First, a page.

Japanese ⟨S⟩ sūdoku [sɯꜜːdokɯ] (listen) shiitake [ɕiꜜːtake] (listen)[a]
Japanese ⟨T⟩ atatakai [atatakaꜜi] (listen) dotchi [dotꜜtɕi] (listen)[a]
Swedish ⟨K⟩ karta [ˈkɑ̂ːʈa] (listen) kär [ɕæːr] (listen)
Swedish ⟨G⟩ god [ɡuːd] (listen) göra [ˈjœ̂ːra] (listen)
Swedish ⟨SK⟩ skal [skɑːl] (listen) skälla [ˈɧɛ̂lːa] (listen)
  1. ^ a b Palatalization of /si/, /ti/ etc. is shown in spelling in Hepburn romanization.

See also

References

  1. ^ Tsur, Reuven (February 1992). The Poetic Mode of Speech Perception. Duke University Press. p. 20. ISBN 0-8223-1170-4.
  2. ^ Scott Moisik, Ewa Czaykowska-Higgins, & John H. Esling (2012) "The Epilaryngeal Articulator: A New Conceptual Tool for Understanding Lingual-Laryngeal Contrasts"
IPA topics
IPA
Special topics
Encodings
Pulmonic consonants
Place Labial Coronal Dorsal Laryngeal
Manner Bi­labial Labio­dental Linguo­labial Dental Alveolar Post­alveolar Retro­flex Palatal Velar Uvular Pharyn­geal/epi­glottal Glottal
Nasal m ɱ n ɳ̊ ɳ ɲ̊ ɲ ŋ̊ ŋ ɴ
Plosive p b t d ʈ ɖ c ɟ k ɡ q ɢ ʡ ʔ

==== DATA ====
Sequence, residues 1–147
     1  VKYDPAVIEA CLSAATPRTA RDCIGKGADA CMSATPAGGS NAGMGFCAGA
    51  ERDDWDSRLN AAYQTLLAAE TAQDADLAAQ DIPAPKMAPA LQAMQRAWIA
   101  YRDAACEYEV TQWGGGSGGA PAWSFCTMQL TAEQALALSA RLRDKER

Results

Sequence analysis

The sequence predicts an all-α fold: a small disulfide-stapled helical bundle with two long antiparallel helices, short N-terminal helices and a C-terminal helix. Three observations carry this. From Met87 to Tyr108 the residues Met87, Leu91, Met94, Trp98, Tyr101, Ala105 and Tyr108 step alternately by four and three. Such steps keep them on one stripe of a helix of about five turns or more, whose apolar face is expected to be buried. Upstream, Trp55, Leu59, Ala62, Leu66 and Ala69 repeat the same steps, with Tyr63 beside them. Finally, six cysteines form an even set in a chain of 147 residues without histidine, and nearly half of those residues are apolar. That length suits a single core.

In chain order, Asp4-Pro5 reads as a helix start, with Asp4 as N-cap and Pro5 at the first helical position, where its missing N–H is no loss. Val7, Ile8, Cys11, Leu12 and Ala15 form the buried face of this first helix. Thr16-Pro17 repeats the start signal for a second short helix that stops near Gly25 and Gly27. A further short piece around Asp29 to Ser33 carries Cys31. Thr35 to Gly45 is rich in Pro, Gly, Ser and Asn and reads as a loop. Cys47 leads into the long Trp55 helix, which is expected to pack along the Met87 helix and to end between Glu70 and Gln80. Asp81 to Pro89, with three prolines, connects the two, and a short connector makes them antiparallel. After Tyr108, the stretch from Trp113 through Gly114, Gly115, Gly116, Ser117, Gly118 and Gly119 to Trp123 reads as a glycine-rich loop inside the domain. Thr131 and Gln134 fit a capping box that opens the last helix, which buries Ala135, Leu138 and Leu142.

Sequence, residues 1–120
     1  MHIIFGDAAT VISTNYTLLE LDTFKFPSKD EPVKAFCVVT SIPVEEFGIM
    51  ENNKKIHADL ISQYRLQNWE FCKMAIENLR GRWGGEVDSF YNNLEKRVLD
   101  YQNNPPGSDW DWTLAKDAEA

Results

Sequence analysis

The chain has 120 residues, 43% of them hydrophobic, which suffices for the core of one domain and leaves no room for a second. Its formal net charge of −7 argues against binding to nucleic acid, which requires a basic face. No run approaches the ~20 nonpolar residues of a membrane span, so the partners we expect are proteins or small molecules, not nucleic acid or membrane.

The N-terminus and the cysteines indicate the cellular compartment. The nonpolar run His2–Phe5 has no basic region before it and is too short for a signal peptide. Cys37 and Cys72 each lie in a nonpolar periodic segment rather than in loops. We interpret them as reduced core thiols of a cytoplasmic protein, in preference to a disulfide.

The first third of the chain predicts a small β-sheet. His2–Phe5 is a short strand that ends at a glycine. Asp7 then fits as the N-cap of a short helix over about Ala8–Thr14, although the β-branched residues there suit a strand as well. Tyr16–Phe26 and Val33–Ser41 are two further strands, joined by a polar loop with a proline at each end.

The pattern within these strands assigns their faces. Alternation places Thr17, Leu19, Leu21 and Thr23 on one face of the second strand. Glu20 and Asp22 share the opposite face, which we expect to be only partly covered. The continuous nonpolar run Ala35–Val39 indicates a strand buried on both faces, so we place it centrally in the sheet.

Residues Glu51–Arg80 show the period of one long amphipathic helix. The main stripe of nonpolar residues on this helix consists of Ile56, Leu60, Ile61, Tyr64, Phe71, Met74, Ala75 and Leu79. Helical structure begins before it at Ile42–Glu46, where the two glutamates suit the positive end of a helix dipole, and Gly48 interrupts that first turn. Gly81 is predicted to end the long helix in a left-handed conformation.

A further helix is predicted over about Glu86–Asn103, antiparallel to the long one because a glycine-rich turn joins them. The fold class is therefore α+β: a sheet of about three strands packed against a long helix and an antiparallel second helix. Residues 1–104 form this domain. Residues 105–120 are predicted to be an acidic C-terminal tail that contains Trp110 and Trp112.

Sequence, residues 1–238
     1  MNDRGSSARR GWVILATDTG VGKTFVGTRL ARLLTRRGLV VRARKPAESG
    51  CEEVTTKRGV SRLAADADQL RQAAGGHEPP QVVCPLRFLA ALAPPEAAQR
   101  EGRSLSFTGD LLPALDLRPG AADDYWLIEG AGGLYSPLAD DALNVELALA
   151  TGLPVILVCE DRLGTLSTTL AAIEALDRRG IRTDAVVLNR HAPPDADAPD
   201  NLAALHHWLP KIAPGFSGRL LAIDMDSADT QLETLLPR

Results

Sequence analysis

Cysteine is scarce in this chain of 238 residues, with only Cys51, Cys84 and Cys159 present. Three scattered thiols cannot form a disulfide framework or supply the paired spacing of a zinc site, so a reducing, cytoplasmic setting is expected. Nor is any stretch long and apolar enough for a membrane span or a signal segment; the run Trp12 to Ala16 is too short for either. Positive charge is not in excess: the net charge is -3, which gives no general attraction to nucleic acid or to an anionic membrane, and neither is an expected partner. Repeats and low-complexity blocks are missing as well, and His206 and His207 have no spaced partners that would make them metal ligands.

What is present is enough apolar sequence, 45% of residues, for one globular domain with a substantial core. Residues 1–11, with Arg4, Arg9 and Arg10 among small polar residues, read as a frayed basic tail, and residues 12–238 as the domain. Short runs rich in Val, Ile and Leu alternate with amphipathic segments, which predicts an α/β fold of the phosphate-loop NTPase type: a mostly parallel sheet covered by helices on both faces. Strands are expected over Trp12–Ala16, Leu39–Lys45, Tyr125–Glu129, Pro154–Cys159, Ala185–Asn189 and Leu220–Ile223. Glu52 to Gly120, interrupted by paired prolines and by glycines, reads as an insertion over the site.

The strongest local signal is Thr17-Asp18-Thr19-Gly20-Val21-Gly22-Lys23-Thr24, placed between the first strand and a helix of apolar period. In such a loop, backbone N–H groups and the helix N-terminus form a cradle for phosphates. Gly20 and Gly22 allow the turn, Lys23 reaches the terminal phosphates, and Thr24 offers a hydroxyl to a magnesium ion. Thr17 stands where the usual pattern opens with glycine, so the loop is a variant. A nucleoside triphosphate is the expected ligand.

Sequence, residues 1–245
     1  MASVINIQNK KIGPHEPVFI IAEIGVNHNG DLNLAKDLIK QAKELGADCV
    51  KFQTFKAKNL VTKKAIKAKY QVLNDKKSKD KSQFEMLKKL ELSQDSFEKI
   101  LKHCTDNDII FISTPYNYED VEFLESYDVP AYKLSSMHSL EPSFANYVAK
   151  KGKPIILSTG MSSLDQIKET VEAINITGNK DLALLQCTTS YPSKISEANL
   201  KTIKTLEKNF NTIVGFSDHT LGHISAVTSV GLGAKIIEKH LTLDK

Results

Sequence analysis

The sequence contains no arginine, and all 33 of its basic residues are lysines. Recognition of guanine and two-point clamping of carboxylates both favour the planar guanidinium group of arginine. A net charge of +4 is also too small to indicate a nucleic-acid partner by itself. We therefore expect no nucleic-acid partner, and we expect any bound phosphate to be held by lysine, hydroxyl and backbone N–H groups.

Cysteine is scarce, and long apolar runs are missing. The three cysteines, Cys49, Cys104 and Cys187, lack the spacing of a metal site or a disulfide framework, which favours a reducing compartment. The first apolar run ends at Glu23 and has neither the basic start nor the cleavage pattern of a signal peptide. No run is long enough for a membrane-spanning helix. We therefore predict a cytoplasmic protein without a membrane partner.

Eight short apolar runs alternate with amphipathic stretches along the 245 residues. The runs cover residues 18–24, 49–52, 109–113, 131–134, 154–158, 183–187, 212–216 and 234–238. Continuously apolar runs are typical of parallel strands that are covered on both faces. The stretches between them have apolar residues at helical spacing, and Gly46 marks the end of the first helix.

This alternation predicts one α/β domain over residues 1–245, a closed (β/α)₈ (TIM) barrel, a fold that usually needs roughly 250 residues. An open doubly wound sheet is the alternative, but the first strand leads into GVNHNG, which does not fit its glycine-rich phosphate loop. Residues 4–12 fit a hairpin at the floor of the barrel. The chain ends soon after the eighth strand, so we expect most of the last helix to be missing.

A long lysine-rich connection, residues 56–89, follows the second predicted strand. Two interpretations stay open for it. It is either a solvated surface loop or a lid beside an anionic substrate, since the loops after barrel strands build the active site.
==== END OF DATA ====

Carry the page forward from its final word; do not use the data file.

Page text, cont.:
Sibilant affricate ts dz t̠ʃ d̠ʒ ʈʂ ɖʐ
Non-sibilant affricate p̪f b̪v t̪θ d̪ð tɹ̝̊ dɹ̝ t̠ɹ̠̊˔ d̠ɹ̠˔ ɟʝ kx ɡɣ ɢʁ ʡʜ ʡʢ ʔh
Sibilant fricative s z ʃ ʒ ʂ ʐ ɕ ʑ
Non-sibilant fricative ɸ β f v θ̼ ð̼ θ ð θ̠ ð̠ ɹ̠̊˔ ɹ̠˔ ɻ˔ ç ʝ x ɣ χ ʁ ħ ʕ h ɦ
Approximant ʋ ɹ ɻ j ɰ ʔ̞
Tap/flap ⱱ̟ ɾ̼ ɾ̥ ɾ ɽ̊ ɽ ɡ̆ ɢ̆ ʡ̆
Trill ʙ̥ ʙ r ɽ̊r̥ ɽr ʀ̥ ʀ ʜ ʢ
Lateral affricate ʈɭ̊˔ ɖɭ˔ cʎ̝̊ ɟʎ̝ kʟ̝̊ ɡʟ̝
Lateral fricative ɬ ɮ ɭ̊˔ ɭ˔ ʎ̝̊ ʎ̝ ʟ̝̊ ʟ̝
Lateral approximant l ɭ ʎ ʟ ʟ̠
Lateral tap/flap ɺ̥ ɺ ɭ̥̆ ɭ̆ ʎ̆ ʟ̆

Symbols to the right in a cell are voiced, to the left are voiceless. Shaded areas denote articulations judged impossible.

Non-pulmonic consonants
BL LD D A PA RF P V U EG
Ejective Stop ʈʼ ʡʼ
Affricate t̪θʼ tsʼ t̠ʃʼ ʈʂʼ kxʼ qχʼ
Fricative ɸʼ θʼ ʃʼ ʂʼ ɕʼ χʼ
Lateral affricate tɬʼ cʎ̝̊ʼ kʟ̝̊ʼ
Lateral fricative ɬʼ
Click
(top: velar;
bottom: uvular)
Tenuis


k‼
q‼

Voiced ɡʘ
ɢʘ
ɡǀ
ɢǀ
ɡǃ
ɢǃ
ɡ‼
ɢ‼
ɡǂ
ɢǂ
Nasal ŋʘ
ɴʘ
ŋǀ
ɴǀ
ŋǃ
ɴǃ
ŋ‼
ɴ‼
ŋǂ
ɴǂ
ʞ
 
Tenuis lateral
Voiced lateral ɡǁ
ɢǁ
Nasal lateral ŋǁ
ɴǁ
Implosive Voiced ɓ ɗ ʄ ɠ ʛ
Voiceless ɓ̥ ɗ̥ ᶑ̊ ʄ̊ ɠ̊ ʛ̥
Co-articulated consonants
t͡p
d͡b
Labial–alveolar
Labial–velar
Labial–velar
ɧ
Sj-sound (variable)
Lateral approximant
Velarized alveolar
Other
Front Central Back
Close
Near-close
Close-mid
Mid
Open-mid
Near-open
Open

Vowels beside dots are: unrounded  rounded